No, not the game. This particular Monkey Island (‘Sarushima’ in Japanese) is located off the coast of Yokosuka near the mouth of Tokyo Bay, and during World War II served as an artillery battery and first point of defense of the Japanese homeland. After the war the anti-aircraft guns were removed, a ferry service began, the beach was opened to tourists, and walking trails were prepared around the various defensive bunkers carved into the rock. Now it’s a great spot for a BBQ and some sun-bathing. Long walkway troughs cut through the jungle and rock.
Keishin Hospital 4. Model Shoot
After the grand luck of Dom and Liduina contacting me for a wedding haikyo shoot a few months back, I figured I couldn`t bank on the same thing happening again. If I wanted to shoot models in haikyo more, I`d have to get out there and find them myself. So I put out a casting call, not sure if anyone would reply. Well, several did, which was great. The first I organized a shoot with was Sara, at the Keishin Hospital.
Relics of the Keishin Hospital 3. Graffiti
Often ruins have a few tags littering their walls, messages and names left by some dumb-asses in their bid for eternal glory. Scrawls, defacements, junk.
Relics of the Keishin Hospital 2. HDR
Keishin Hospital was once a pre-eminent site of super high-tech radiology equipment, leading the charge as Japan raced into the modern era. Some 2o years ago that dream fell by the way-side though, and the place was left to the vandals. They tore out everything that could be torn out, leaving only a few metal fixtures too heavily stapled down. Then came the taggers, followed by the true grafitti artists, and the young people shooting documentaries, and the cosplay kids playing truant from school. Keishin has a whole other life, now that it’s dead. In this part we’ll look mostly …
Silent car park of the demolished Sun Hills hotel
The remnants of the Sun Hills Hotel in Kanagawa lay hunkered down and spartan on the banks of Sagamiko lake, the blank concrete foundation of a proud edifice that never once opened to the public, hosting only the village’s truanting kids and vandals before it was unceremoniously torn down. Now just its 2-story underground car park remains, haunted by chirping crickets and families of hikers on sight-seeing breaks. Sun Hills car park.
The Grand-daddy of all Love Hotels
The Hotel Royal haikyo is the grand-daddy of all love hotels, streaking 7 empty stories up into the big blue sky, a giant vermillion flag on the lakeshore calling out to all and sundry in a mega-watt alto- ‘Need some discreet time alone with your loved one? Come on down!’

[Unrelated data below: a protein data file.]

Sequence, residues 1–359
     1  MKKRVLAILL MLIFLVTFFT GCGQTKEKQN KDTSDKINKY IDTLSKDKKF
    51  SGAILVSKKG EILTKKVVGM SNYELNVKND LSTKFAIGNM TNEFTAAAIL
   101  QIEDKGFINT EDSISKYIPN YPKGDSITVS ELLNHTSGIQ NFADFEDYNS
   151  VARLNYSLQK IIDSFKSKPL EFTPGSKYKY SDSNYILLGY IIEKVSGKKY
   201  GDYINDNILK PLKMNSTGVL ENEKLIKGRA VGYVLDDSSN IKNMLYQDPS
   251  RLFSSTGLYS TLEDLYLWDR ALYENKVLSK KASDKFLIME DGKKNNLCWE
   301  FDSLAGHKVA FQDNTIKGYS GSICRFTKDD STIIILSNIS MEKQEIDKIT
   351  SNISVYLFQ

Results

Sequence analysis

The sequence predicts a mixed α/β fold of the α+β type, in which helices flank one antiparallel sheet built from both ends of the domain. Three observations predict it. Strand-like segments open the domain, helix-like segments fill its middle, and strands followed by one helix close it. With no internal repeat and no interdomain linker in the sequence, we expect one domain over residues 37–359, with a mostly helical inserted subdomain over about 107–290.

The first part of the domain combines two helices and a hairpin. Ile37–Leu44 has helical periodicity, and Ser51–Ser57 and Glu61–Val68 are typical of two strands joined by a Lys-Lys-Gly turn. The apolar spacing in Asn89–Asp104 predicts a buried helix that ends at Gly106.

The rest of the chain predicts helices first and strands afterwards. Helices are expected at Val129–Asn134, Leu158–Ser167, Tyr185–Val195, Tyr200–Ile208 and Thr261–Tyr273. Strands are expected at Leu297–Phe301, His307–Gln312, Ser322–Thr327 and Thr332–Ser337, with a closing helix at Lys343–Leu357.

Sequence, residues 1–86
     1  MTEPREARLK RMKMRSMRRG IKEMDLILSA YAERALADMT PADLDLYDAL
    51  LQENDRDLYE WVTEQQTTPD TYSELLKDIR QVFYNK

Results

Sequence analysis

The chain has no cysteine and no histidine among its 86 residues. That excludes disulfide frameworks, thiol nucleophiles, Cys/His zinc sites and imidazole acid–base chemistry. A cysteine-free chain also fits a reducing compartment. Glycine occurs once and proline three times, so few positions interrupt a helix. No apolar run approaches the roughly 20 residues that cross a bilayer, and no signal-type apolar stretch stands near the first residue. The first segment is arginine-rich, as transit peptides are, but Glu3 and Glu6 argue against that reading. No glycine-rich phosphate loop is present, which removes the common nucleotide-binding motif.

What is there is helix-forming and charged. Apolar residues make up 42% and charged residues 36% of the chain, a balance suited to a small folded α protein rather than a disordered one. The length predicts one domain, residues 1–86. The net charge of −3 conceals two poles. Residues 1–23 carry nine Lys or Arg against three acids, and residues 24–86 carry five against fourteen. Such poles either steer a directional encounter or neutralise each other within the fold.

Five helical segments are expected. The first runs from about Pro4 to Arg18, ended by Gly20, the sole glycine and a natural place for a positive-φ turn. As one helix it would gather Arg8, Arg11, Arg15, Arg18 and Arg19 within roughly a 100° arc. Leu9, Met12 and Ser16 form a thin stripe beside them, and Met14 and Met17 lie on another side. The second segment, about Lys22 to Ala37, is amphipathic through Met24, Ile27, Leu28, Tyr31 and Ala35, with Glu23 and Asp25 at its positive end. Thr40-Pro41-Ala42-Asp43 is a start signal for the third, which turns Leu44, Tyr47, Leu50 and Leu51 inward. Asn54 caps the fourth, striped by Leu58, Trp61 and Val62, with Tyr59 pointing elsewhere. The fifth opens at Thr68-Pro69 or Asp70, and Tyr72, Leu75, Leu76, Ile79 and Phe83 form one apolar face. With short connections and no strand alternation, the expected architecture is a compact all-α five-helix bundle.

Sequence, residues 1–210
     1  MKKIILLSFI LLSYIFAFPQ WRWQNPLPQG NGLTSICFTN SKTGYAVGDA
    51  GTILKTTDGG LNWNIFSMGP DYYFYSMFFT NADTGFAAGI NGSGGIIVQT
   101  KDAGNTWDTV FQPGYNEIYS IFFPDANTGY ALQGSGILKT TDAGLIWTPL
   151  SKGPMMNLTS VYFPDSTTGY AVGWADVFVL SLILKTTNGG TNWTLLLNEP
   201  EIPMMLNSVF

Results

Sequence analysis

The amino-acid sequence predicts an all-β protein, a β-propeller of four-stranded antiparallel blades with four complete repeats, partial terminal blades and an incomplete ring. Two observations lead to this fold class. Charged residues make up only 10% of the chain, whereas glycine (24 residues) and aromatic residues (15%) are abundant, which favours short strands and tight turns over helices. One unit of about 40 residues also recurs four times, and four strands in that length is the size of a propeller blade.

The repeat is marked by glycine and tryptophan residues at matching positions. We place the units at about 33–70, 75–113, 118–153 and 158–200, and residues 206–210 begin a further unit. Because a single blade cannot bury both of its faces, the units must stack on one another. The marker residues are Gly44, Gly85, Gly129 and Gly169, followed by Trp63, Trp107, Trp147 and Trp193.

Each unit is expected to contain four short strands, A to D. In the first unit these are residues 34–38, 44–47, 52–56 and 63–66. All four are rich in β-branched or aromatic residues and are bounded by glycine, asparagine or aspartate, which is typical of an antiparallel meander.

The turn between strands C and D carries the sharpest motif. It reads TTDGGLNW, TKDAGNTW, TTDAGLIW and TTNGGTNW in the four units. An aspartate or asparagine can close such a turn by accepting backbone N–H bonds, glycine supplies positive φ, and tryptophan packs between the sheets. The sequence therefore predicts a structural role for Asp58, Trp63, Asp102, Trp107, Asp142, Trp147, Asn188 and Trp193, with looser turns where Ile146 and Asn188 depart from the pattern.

Null-space Tunnels under Yokosuka Navy Base
Deep within the solid rock of the Negishi Plateau in Yokohama, spreading beneath the old race-course Grandstand and Yokosuka Naval Base, lies a twisting warren of hidden World War 2-era caverns. Once filled with ancient munitions, bustling troops, and rooms full of military dossiers, they now rest in lonely silence, unexplored for up to 20 years, their secrets stopped up behind entrances back-filled with avalanche scree and trash, overgrown by thick vines in loamy earth, and walled off with sheets of blast-concrete.
What a wrecked Bowling Alley looks like – the Toyo Bowl
The Toyo Bowl in Kanagawa was a mammoth venture when first dreamed up, the second biggest bowling alley in the world behind the Nagoya Toyo Bowl, featuring 108 bowling lanes spread over 3 huge floors, along with a large pachinko hall, restaurants, gift shops, arcades, and a creche. It boasted state-of-the-art ‘natural lighting’ and ‘beautiful blue carpets’ on all floors. It encapsulated the vaulting ambition of the mid-Bubble era, when anything was possible and bigger always meant better. Now the ragged carpets, stripped lanes, trashed pachinko hall and scattered broken balls tell the story of how well that ambition fared.
Stunning Graffiti in the Ruined Keishin Hospital
The gutted shell of the abandoned Keishin Hospital stands blank and ghostly on the rural Kanagawa sky-line. It once housed state-of-the-art radiology and cancer departments, now the only pieces of equipment remaining are the chairs bolted to the floor in the dentist’s office. Up close its walls are a vibrant cacophony of ever-changing grafitti, its forecourt a wash of shattered glass and empty spray-paint cans, its encircling car park overgrown with a thick smog of twisted brown underbrush. All record of its previous life has been erased by decades of vandalism, theft, and neglect.
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